Each abysmal failure makes a point
Every glowing path that goes astray
Shows you how to find a better way
So every time you stumble, never grumble
Next time you'll bumble even less
For up from the ashes, up from the ashes
Grow the roses of Success!
Grow the roses, grow the roses, grow the roses of Success (oh, yes!)
Grow the roses, those rosy roses
From the ashes of disaster grow the roses of Success!
For every big mistake you make, be grateful (hear, hear!)
That mistake you'll never make again (no, sir!)
Every shining dream that fades and dies
Generates the steam for two more tries
Oh, there's magic in the wake of a fiasco (correct!)
It gives you that chance to second guess (oh yes!)
Then up from the ashes, up from the ashes, grow the roses of Success!
Disaster didn't stymie Louis Pasteur (no sir!)
Edison took years to see the light (right!)
Alexander Graham knew failure well
He took a lot of knocks to ring that bell
So when it gets depressing it's a blessing
Onwards and upwards you must press (yes, yes!)
Till up from the ashes, up from the ashes
Grow the roses of Success!
From the 1968 classic children’s film Chitty Chitty Bang Bang, today’s musical poetry offering is brought to you by Grandpa Potts (superbly played by Lionel Jeffries), ably assisted by a hoary old cadre of eccentric prisoners/inventors, all warbling this fabulous little ditty together while attempting to encourage him in the face of impossible odds. Nil desperandum carborundum and all that (yes, I know the Latin is really not correct… but the sentiment is right on).
Anyway, thank you, Richard and Robert Sherman. This song of yours, The Roses of Success, reaffirms yet again why you are among the most brilliant songwriters in entertainment history. We hum and sing your catchy songs all the time. They’re always memorable, and as in this one, frequently offer up amazingly apropos and timeless philosophical nuggets of wisdom. Yes, indeed: up from the ashes grow the roses of success. Something to keep in mind when we’re writing, and in real life.
…ironically, fifty years later, this seems rather a subversive piece when set against the prevailing nanny state we have somehow managed to set up. Why? Because it promulgates a message that today seems very counter-cultural: failure is normal, an integral part of life, to be expected, and not feared.
Folks, we learn from failure… or, at least, that’s the natural order in nature. When you mess up, you need to find a different way to accomplish your goal… because if it exploded in spectacularly dismal fashion the first time you did it that way, chances are, all else being equal, it’s not going to work if you try doing it the same way a second time. Or the third. (Remember that old adage about the definition of insanity?) Animals seem remarkably good at rapidly learning this, and for good reason: if they don’t, they won’t just be a Disappointed Bear; they’ll very quickly also be dead. Nature is beautiful, but it’s also often quite unforgiving. Sic transit gloria mundi.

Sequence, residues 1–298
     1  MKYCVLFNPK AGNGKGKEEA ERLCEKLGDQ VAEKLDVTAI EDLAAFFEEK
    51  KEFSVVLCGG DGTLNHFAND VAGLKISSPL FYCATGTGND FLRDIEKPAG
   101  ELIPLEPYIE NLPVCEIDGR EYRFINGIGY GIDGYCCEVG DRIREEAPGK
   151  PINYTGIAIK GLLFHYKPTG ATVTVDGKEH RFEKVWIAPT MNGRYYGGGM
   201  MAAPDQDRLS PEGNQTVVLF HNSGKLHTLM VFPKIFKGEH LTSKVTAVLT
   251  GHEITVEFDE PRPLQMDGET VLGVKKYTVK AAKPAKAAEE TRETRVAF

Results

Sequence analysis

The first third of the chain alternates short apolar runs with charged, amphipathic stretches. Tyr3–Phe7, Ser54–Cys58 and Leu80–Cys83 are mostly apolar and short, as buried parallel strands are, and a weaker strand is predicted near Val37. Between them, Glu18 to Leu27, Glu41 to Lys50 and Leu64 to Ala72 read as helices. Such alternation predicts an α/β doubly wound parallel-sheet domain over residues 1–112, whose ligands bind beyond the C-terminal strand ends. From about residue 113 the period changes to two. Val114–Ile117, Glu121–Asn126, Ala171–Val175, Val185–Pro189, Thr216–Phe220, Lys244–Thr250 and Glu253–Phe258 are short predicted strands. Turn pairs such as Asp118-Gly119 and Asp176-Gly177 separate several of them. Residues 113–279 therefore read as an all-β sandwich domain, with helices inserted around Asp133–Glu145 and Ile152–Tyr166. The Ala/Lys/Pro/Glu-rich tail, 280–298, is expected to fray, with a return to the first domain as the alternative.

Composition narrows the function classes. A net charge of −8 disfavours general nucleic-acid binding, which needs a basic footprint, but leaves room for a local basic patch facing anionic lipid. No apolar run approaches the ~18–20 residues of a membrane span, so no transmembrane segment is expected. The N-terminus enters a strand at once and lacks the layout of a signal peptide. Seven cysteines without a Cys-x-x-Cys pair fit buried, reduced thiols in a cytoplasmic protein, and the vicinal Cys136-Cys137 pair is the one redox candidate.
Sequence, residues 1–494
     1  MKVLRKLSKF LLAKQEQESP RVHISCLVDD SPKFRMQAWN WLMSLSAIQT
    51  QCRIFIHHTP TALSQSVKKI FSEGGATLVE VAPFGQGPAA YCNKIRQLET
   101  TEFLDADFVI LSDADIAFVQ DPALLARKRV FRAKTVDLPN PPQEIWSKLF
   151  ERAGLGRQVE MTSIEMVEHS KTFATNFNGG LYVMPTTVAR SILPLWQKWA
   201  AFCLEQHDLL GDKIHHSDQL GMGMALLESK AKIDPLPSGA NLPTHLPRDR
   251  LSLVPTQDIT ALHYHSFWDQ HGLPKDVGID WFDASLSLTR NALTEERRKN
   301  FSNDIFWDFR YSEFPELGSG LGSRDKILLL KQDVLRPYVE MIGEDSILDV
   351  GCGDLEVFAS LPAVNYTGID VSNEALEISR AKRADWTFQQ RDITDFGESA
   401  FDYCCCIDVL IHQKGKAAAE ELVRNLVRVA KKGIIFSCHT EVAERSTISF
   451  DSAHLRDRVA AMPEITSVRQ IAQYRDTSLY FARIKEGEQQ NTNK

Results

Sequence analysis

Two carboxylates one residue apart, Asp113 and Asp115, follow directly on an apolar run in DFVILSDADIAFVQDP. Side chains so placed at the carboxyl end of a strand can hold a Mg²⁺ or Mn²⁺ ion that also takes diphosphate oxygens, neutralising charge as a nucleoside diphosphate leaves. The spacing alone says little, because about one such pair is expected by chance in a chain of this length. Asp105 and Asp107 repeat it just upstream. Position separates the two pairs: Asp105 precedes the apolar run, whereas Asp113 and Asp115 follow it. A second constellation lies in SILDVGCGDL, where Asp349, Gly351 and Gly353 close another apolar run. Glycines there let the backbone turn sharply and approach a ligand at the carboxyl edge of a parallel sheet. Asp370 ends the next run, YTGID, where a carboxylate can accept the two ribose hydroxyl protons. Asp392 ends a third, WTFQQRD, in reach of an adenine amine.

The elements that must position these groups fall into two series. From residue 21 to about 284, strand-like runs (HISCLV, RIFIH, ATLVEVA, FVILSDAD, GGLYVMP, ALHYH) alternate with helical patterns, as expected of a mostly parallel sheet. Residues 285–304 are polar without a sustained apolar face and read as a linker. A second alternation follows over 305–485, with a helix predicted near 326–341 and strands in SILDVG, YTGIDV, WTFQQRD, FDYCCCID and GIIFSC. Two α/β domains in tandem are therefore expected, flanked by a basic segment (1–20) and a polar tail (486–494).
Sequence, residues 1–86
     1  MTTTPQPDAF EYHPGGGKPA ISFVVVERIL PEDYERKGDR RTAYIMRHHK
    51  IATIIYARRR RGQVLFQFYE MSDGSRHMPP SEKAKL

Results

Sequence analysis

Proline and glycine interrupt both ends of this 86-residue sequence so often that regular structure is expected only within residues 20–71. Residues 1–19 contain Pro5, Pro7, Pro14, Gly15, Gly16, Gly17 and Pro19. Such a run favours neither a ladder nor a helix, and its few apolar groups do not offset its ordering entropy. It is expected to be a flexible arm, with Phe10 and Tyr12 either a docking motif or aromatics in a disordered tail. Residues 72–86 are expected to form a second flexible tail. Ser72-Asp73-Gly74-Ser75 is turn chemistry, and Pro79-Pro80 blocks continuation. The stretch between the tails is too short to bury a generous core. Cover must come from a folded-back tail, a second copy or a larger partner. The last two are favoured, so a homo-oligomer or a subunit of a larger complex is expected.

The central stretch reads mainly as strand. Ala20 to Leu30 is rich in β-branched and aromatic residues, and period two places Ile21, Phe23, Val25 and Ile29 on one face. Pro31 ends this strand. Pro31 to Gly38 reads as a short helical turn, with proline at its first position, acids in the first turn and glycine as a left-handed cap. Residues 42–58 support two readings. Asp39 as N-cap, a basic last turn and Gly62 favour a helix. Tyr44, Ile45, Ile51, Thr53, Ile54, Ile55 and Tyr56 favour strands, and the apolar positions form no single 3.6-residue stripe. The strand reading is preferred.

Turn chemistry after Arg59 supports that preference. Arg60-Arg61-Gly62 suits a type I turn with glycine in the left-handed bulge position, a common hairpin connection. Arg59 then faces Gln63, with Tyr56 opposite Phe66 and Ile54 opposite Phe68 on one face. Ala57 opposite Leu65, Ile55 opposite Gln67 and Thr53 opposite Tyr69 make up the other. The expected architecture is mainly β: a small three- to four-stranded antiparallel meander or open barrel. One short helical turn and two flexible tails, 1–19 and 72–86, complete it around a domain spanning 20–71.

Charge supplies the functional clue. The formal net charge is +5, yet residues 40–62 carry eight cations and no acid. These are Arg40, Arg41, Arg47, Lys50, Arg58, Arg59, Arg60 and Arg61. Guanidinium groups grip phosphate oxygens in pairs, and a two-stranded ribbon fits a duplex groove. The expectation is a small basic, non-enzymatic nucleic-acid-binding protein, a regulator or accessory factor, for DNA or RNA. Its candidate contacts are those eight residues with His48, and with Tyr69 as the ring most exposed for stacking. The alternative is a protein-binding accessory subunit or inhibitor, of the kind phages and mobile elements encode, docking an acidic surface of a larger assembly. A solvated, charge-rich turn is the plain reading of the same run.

Not so with modern human society, but we appear to have corporately decided to outlaw failure. I was going to add the qualifier inasmuch as we are capable, but that flies in the face of that other modern myth --- you know, the one saying We Are In Control Of Everything Around Us, Including Ourselves.
Hmm. I’m not sure where or when this happened, exactly. Must have missed the memo on this one, and frankly, I’d kind of like to know, because it somehow seems to have occurred during my lifetime (although it sure as hell didn’t occur on my watch, because my wife and I didn’t raise our children that way, and over more than three decades, I’ve never run my secondary school classroom like that).
As an educator since Pontius was a Pilate, I see this all the time with children. We seem to have raised an entire generation of kids by trying our utmost to bubble wrap them and protect them from the slightest whiff of failure. And while that’s understandable on one level, it’s had the dubious and completely unintended result of producing a generation that has almost no coping skills and no ability to handle what Will terms the slings and arrows of outrageous fortune when --- not if --- life inevitably throws crap at them. And so they fold, they wilt, they curl up into fetal positions and give up and die… sometimes metaphorically, sometimes literally. And it’s horrible to watch.
I get it: nobody likes experiencing failure. It sucks like a vacuum cleaner. It stinks on ice. Nobody --- well, I hope nobody --- leaves the house in the morning thinking to themselves: Hey! This would be a wonderful day to completely screw up my life! Yep, that’s my goal for the day! Personally, I hate it when I fail, hate it with the white-hot intensity of a thousand suns. And when it happens, I do not console myself by articulating that it’s a necessary part of learning to succeed. Nor do I particularly want some well-meaning idiot telling me that, either. But (sigh) it’s true, nonetheless.
Some time back, I wrote a post suggesting you should throw rocks at your protagonist (you can read that post here if you’re interested). On a literary level, it’s both interesting and enlightening, entertaining and edifying, to see characters dealing with Will’s slings and arrows of outrageous fortune. And after all, characters have to learn those difficult but necessary life lessons, or they won’t make it to the sequel. Hell, they won’t make it to the end of the book.
And come to that, neither will we.